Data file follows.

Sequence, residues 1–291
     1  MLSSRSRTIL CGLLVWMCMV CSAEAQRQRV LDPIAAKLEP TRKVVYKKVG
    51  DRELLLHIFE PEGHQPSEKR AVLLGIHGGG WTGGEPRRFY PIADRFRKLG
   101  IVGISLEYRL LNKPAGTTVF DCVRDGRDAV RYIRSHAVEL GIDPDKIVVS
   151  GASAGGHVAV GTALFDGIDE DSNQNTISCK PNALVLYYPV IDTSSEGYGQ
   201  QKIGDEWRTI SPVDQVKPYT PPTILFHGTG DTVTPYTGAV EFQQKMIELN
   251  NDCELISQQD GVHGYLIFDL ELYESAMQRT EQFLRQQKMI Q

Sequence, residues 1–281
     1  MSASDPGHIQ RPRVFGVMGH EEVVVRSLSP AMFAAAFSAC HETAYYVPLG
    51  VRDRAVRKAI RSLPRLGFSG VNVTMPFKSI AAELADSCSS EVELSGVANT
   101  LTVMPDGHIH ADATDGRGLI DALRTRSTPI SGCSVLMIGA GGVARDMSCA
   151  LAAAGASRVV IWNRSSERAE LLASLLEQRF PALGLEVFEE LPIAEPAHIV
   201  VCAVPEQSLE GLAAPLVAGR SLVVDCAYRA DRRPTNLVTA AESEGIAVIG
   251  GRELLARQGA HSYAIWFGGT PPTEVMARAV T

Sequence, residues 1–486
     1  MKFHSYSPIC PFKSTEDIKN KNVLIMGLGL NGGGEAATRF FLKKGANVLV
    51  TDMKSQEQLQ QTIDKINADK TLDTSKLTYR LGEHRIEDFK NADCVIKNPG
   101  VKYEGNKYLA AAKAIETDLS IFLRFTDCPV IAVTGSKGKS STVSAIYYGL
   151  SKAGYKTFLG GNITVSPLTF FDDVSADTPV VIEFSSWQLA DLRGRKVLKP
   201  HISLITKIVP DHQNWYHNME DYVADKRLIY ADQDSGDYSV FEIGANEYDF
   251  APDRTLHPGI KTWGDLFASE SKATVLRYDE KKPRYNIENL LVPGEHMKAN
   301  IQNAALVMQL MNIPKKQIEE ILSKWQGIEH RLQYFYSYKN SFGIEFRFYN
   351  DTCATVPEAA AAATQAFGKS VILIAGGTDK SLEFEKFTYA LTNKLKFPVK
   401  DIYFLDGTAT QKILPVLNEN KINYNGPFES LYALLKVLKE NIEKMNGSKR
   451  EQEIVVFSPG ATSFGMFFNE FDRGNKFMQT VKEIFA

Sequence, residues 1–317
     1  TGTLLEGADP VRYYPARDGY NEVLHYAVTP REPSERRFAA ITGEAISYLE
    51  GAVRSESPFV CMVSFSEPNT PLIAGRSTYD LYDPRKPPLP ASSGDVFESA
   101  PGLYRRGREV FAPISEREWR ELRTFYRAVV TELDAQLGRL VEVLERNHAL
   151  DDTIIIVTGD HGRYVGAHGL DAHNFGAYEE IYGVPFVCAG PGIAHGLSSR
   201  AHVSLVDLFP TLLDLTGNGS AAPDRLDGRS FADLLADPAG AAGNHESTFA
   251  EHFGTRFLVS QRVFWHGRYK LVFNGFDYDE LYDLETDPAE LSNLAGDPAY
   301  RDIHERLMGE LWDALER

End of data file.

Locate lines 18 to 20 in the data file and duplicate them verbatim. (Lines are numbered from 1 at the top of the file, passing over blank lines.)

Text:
   101  VKYEGNKYLA AAKAIETDLS IFLRFTDCPV IAVTGSKGKS STVSAIYYGL
   151  SKAGYKTFLG GNITVSPLTF FDDVSADTPV VIEFSSWQLA DLRGRKVLKP
   201  HISLITKIVP DHQNWYHNME DYVADKRLIY ADQDSGDYSV FEIGANEYDF